This afternoon I thought it might be fun to share a journey with you all that I’m taking right now. I’m working on Florence Finds, Dream. Find. Do. and my day job, but I’ve also decided that I need to get better with my camera. Since this article, I’ve been making so much more effort to take my Canon 40D out. One of the great (intentionally great) things about Florence Finds is that it really forces me to do things that I don’t normally make time for. I have had to practice my photography and editing skills to make my posts look their best. Add to that the best part of 2 years that I spent editing down the selections of wedding photos that I had to put together for real wedding posts, and I like to think I’ve developed an eye for decent photography. Don’t get me wrong – I’m not saying I’m any great shakes myself, but knowing what you want to achieve and recognising when you have achieved it are just as important, right?!
One of the things I have also wanted to do is find a new camera and that is a tall order when you start out with a camera like the 40D. I’ve seen wedding photographers start out with the same camera body that I use and I don’t even scratch the surface of it’s capabilities, so although it frustrates me with my own lack of knowledge, I’d be equally frustrated to lose the functionality it has. My biggest bug bear is that it’s waaaaay too big to be handy for a blogger. I need my camera on me nearly all the time, particularly as literally any aspect of my life can become blog-able. Often when I least expect it. So I wanted something as good but smaller. After all, although the ‘blog camera’ my camera is also really our family camera too, and I wanted something Pete was equally comfortable with. I fell in love when I met Laura and Pete Lawson and saw their new baby – the Fuji Finepix x100, so I was thrilled when Talk PR agreed to loan me one to review for Florence Finds. All the photos in this series are going to document my discoveries with this camera.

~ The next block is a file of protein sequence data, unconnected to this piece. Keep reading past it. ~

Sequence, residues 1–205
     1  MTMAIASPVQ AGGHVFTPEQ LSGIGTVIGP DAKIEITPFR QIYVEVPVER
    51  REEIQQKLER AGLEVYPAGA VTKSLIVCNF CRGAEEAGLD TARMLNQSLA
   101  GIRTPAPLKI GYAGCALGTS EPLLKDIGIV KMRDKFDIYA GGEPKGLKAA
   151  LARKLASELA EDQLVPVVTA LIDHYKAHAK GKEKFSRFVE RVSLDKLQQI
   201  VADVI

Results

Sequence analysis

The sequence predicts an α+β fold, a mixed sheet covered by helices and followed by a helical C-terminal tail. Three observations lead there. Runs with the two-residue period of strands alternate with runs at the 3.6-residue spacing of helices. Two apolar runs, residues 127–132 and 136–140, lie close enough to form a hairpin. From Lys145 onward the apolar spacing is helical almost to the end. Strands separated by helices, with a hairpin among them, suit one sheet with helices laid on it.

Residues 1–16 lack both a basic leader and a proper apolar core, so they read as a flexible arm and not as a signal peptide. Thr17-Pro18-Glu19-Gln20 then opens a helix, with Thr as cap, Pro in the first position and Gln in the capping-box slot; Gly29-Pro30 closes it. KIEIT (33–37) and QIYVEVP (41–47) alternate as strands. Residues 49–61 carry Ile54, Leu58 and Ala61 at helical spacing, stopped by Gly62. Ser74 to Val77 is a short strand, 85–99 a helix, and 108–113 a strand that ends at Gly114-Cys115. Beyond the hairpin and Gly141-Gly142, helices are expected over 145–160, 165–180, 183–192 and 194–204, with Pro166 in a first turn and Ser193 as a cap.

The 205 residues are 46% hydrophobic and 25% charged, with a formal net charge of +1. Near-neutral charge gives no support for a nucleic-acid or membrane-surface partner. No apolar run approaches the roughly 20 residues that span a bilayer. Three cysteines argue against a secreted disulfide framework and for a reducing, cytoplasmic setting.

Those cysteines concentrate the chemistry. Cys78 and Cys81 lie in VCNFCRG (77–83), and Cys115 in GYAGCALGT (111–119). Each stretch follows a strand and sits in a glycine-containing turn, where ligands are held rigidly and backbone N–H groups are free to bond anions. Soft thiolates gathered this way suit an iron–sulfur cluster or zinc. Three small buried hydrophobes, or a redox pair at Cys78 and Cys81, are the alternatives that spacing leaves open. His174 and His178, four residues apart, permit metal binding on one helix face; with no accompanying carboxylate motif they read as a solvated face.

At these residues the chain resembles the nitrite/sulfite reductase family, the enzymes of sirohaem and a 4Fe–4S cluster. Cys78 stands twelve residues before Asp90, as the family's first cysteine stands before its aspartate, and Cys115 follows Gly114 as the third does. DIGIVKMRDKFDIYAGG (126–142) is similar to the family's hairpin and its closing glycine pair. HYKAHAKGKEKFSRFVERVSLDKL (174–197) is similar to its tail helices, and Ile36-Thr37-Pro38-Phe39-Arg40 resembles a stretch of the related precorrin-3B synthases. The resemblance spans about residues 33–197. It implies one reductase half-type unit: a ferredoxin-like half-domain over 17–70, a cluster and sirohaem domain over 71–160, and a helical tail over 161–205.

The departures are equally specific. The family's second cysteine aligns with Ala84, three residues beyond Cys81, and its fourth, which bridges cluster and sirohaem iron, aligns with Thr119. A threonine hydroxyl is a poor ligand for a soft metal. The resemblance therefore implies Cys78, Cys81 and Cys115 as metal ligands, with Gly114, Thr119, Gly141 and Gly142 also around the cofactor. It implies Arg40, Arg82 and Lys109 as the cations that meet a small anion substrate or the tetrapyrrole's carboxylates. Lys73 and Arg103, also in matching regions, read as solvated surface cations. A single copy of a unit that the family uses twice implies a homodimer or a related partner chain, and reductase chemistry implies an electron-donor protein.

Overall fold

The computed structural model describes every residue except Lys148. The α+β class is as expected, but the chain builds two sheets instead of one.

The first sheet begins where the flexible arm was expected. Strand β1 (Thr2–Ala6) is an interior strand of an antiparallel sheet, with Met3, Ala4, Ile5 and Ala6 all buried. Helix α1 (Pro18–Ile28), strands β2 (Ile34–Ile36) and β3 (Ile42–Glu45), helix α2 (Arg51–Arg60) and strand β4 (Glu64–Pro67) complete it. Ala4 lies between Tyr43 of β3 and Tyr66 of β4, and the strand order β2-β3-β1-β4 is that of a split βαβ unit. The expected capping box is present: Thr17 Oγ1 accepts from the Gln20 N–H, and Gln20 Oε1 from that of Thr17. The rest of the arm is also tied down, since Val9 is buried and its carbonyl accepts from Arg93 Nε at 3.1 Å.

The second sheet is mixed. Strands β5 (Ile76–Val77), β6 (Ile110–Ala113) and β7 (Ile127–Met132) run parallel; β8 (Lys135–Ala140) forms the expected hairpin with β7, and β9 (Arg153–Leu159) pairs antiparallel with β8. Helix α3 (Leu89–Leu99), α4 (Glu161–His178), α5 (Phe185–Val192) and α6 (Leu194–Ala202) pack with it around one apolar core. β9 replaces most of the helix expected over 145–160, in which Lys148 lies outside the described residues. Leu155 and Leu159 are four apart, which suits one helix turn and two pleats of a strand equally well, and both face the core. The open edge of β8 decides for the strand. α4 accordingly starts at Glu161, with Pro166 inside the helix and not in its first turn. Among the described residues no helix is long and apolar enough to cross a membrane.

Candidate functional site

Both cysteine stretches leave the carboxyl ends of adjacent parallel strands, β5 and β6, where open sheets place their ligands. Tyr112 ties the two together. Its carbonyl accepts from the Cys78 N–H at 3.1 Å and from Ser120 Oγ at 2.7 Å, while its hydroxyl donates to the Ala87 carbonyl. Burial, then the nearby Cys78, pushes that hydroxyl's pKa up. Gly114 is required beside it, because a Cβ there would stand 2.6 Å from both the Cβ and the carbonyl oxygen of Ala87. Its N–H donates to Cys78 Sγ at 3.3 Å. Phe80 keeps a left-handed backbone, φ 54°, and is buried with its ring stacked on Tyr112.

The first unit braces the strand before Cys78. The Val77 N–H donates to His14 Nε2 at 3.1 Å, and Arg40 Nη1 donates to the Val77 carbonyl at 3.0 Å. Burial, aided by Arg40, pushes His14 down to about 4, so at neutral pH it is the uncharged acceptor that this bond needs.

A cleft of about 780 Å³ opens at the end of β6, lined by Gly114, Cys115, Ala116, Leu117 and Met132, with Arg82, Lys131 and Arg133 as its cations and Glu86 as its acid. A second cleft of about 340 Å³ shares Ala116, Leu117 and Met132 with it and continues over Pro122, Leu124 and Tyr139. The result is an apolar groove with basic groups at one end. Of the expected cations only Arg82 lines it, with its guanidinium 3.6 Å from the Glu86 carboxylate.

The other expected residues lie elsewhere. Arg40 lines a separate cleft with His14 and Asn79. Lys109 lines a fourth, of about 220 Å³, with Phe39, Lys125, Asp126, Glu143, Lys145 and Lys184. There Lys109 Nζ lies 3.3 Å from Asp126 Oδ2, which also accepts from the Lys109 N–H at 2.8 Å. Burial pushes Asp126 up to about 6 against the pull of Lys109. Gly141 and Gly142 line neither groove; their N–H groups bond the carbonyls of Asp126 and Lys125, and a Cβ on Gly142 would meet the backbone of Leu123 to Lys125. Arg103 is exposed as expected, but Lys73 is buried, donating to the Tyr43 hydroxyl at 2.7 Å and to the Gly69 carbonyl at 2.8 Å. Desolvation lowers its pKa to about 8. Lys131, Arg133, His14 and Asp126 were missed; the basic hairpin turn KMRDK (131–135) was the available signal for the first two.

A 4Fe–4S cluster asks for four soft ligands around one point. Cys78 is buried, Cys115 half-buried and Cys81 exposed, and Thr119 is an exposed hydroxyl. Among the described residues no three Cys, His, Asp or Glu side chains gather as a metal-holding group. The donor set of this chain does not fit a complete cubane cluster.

For comparison, the Canon 40D has now been replaced with the 60D which retails at almost £1000 with kit lens or you can pick up a second hand body and kit lens like mine for around £400, wheras the x100 is £645 on Amazon.
Todays shots are literally, fresh out of the box. It felt like such a luxury to take the camera last weekend and sat on the front step of my house while Pete was washing the car and start taking a few pictures whilst reading the manual. These notes are just how I have found the camera and things I learned a long the way, and this weeks certainly hold no revelations, but I hope I’ll have a few tips that I pick up along the way that might be useful to some of you reading. Please also note, this is written strictly from the perspective of a blogger and the way I use a camera for that purpose. I’m no pro!
Objective 1: Detail shots
My first concern was the focus as I wanted to see just how specific I could be about the point of focus, probably because my usual camera seems to have a bit of a problem with that right now. I often take shots of things very close up, like nails, jewellery and food so wanted to test that out.
One of the things that comes across most in the x100 reviews is that although a great camera, it’s not the easiest to use. I spent a considerable time on my front step trying to get it set up so I could just focus on anything, never mind something close up. Shot after shot came out blurry and that’s when I turned to the manual and hit reset, so I could start with fresh settings. Once I fathomed them, I was pretty pleased with the results!
As a blogger, all of the photos that I take are important, and honestly, I’m guilty sometimes of getting frustrated and settling for images I’m not that happy with, but the ones I’m most critical of are the shots taken for my What to Wear Posts. My husband Pete usually takes these shots but I set the camera up by practicing on him in the same spot first (so the light is the same,) and then direct him to take the shots of the items I want to highlight in the post. However natural these shots look on any fashion bloggers site – they’re nothing but!
The point of the shot above was to share the new earrings I had found and even in Petes’ hands the camera did a great job! Good fashion shots are the difference I feel between ending up with a cringe-fest or a professional looking blog post, so this is a big must-do for me. The easier it makes things for Pete the happier I am – heated discussions about what is the correct setting, do not for happy outfit shots make!
I should also add that although taken in good natural light, the images here are all straight out of the camera, no editing and the colours are perfectly true to life.
Next week, I’m going to start looking at changing the depth of field manually and playing with exposure… wish me luck!
PS I’d love to hear if any of you have any great tips for improving photography skills, perhaps books you have read, or courses?